Boro Park Jews Still Back Donald Trump Despite Post-Election Anti-Semitism

Since Donald Trump’s election, Jews in New York have been the targets of more than half the city’s hate crimes, from Williamsburg and Brooklyn Heights to the New School in Manhattan; and all this, amid the sharp spike in reports of anti-Semitic vandalism and hate speech nationally.

Yet in the heavily Orthodox neighborhood of Borough Park, Brooklyn, where residents gave Trump 69% of their votes, few seem alarmed by the onslaught of hatred that has accompanied the ascent of the man they supported. And the reason many give seems simple.

“Israel is Jews and Jews are Israel,” said Sandy Horowitz, 36, a lifelong Borough Park resident and Trump voter.

Like many of those I interviewed in Borough Park recently for this story, Horowitz saw Trump as an unstinting supporter of Israel and its policies. For her, that meant that allegations of anti-Semitism associated with him or those around him were unfounded. Her view on anti-Semitism was clear: “If you’re anti-Israel, you’re anti-Semitic,”

Nationally, 72% of Jewish voters backed Democrat Hillary Clinton. But the pro-Trump viewpoint of Borough Park’s Jews, though a minority one, is growing louder. Orthodox Jews, who constitute about 10% of American Jews today, are poised to become a much larger percentage of the community in coming years. Thanks to much higher birthrates and less intermarriage than their non-Orthodox counterparts, 27% of American Jewish children today are Orthodox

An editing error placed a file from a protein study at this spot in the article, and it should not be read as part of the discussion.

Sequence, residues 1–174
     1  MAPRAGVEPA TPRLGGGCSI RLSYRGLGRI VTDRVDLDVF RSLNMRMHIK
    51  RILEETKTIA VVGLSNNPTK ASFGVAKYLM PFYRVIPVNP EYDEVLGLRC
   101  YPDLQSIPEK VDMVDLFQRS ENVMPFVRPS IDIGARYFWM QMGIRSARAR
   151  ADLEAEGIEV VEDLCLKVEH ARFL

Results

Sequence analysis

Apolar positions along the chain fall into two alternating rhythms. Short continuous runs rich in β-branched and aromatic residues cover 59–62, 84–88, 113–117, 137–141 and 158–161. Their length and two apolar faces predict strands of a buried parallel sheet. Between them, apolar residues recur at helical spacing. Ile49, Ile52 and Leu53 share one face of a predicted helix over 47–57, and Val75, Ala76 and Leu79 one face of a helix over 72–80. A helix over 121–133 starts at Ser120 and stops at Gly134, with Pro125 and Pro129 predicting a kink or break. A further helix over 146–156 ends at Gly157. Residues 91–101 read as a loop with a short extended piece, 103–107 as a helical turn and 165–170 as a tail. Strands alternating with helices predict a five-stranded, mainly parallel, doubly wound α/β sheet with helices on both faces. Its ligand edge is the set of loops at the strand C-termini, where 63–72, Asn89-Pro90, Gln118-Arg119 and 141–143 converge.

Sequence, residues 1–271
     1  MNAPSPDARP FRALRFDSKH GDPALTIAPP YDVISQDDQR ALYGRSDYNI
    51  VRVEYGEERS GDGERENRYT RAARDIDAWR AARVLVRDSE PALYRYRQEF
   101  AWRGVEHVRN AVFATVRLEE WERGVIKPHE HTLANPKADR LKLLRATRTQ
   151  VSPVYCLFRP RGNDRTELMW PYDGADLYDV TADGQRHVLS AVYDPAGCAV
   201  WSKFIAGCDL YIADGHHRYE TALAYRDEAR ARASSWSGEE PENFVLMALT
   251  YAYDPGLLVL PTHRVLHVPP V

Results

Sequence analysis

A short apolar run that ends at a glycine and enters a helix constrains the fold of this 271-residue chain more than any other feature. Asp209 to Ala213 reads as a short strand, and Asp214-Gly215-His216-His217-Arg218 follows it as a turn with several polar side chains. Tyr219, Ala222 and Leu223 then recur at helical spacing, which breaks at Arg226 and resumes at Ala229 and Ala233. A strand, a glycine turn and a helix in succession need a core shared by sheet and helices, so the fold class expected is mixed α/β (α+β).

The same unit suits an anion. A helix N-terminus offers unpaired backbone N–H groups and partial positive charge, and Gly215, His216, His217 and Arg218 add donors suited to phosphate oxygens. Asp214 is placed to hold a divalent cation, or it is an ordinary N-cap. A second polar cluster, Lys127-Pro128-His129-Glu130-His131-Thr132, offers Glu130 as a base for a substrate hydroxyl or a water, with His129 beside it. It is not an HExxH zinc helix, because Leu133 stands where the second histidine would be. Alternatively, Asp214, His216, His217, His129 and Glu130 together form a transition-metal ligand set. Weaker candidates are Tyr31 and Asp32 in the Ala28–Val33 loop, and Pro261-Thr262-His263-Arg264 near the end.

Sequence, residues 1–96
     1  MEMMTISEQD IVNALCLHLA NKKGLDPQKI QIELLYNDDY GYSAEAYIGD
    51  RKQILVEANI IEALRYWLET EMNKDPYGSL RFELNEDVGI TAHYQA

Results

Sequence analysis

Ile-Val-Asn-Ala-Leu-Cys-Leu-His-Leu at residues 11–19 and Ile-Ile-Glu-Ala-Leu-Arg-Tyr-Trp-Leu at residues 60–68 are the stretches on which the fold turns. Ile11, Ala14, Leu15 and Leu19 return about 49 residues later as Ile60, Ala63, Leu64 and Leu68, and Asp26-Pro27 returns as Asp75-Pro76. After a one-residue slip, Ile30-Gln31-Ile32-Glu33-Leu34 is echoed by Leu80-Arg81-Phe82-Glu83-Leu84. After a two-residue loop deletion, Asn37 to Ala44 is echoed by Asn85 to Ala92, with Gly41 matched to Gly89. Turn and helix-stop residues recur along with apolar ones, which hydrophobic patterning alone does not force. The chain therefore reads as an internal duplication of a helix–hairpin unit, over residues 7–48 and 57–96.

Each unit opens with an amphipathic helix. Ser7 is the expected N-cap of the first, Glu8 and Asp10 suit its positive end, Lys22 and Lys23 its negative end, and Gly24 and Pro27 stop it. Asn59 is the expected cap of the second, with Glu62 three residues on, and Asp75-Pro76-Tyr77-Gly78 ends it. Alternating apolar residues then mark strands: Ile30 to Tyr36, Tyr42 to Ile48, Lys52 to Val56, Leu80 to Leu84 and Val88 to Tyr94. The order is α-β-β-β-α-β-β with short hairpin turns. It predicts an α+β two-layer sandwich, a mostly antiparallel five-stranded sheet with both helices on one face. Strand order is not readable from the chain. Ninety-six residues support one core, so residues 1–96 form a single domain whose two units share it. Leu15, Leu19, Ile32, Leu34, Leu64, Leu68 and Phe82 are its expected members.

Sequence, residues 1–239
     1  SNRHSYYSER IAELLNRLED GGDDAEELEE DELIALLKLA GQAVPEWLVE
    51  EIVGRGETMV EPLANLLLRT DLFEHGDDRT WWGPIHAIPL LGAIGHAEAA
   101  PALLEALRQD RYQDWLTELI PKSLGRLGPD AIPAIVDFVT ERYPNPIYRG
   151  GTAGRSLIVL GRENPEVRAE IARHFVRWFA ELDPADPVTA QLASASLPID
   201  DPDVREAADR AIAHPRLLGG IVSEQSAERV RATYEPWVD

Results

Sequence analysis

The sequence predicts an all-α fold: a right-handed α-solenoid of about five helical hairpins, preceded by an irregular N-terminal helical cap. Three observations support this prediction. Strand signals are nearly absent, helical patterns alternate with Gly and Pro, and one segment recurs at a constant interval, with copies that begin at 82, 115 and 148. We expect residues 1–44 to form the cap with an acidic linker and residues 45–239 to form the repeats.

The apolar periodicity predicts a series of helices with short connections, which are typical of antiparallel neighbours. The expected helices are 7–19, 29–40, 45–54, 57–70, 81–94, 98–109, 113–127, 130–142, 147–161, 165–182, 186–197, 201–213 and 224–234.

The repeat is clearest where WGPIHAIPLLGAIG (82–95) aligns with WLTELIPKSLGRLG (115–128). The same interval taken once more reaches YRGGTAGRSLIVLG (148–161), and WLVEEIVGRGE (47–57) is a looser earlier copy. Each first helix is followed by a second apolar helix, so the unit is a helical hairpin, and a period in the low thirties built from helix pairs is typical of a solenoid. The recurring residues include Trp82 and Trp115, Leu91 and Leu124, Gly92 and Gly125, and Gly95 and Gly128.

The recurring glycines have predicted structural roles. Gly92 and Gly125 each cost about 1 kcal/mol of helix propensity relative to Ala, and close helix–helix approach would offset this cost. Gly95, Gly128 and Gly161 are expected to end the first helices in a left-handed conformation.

In Borough Park, not even Trump’s appointment of Stephen Bannon as White House Senior Counselor has dented the confidence of residents in Trump, despite Bannon’s own description of Breitbart News, the website he ran, as “the platform for the alt-right.” That’s the term used by many white supremacists to describe their political movement, which has gained greater political acceptance under Trump’s banner.

Borough Park’s Jews have also not been dissuaded by Trump’s own attacks against perceived opponents, on the basis of their race, religion, ethnicity or disability. In July, Trump’s posted an image on his Twitter account of Clinton next to a six-pointed star lifted from a Neo-Nazi website, with cash in the background.

Yet even for one woman who was a child of Holocaust survivors and preferred not to be quoted, the notion of a shared plight with those Trump targeted didn’t resonate.